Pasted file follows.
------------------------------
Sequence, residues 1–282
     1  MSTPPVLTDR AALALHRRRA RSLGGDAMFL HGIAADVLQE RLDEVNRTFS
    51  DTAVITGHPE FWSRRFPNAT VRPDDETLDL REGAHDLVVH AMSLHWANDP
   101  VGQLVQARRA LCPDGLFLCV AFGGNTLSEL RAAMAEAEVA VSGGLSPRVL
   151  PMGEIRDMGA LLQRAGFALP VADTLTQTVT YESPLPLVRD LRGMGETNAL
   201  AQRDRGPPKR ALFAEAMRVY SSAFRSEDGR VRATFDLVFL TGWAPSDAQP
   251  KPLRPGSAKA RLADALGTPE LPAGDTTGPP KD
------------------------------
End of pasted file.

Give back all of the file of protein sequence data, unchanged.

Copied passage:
Sequence, residues 1–282
     1  MSTPPVLTDR AALALHRRRA RSLGGDAMFL HGIAADVLQE RLDEVNRTFS
    51  DTAVITGHPE FWSRRFPNAT VRPDDETLDL REGAHDLVVH AMSLHWANDP
   101  VGQLVQARRA LCPDGLFLCV AFGGNTLSEL RAAMAEAEVA VSGGLSPRVL
   151  PMGEIRDMGA LLQRAGFALP VADTLTQTVT YESPLPLVRD LRGMGETNAL
   201  AQRDRGPPKR ALFAEAMRVY SSAFRSEDGR VRATFDLVFL TGWAPSDAQP
   251  KPLRPGSAKA RLADALGTPE LPAGDTTGPP KD